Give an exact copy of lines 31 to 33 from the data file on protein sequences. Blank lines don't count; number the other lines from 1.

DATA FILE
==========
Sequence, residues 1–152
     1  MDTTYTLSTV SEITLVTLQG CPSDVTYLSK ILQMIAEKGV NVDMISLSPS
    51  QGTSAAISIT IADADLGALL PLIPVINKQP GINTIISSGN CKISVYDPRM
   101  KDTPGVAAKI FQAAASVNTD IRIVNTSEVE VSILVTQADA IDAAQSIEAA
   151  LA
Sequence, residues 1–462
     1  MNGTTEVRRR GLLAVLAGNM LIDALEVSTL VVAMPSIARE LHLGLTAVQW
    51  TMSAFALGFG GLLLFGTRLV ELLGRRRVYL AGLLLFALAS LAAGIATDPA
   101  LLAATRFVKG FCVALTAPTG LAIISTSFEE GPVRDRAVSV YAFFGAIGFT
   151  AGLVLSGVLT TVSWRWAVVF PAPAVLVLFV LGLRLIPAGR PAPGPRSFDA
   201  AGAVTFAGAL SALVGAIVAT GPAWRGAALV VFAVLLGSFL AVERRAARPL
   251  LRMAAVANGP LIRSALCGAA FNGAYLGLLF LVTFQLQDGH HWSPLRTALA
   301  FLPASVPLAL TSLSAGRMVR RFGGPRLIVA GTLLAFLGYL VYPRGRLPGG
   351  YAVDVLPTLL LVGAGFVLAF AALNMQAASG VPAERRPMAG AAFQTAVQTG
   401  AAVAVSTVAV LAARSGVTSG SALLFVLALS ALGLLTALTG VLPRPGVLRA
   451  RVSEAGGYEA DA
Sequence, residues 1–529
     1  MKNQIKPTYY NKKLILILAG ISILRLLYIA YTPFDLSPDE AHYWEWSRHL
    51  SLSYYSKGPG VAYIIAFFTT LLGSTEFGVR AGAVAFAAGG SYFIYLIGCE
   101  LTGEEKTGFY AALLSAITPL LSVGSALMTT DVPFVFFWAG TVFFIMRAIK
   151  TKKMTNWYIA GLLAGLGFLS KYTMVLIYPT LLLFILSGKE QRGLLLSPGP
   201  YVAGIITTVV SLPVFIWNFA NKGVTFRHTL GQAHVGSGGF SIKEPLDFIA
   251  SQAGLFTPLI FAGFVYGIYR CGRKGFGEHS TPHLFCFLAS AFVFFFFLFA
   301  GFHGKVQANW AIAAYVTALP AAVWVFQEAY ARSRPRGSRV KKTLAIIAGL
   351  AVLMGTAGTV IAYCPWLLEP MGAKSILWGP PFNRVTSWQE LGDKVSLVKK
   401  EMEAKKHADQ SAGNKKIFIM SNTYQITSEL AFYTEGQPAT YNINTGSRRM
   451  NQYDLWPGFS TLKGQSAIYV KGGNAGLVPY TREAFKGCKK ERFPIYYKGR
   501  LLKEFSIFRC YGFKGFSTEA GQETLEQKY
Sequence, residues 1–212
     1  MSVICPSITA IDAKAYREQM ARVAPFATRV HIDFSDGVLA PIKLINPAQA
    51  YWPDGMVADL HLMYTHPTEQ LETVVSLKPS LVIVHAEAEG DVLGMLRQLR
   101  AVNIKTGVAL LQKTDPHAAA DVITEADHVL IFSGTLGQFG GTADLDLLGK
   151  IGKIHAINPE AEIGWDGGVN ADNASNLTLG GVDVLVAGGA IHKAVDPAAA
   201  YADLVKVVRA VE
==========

    51  YWPDGMVADL HLMYTHPTEQ LETVVSLKPS LVIVHAEAEG DVLGMLRQLR
   101  AVNIKTGVAL LQKTDPHAAA DVITEADHVL IFSGTLGQFG GTADLDLLGK
   151  IGKIHAINPE AEIGWDGGVN ADNASNLTLG GVDVLVAGGA IHKAVDPAAA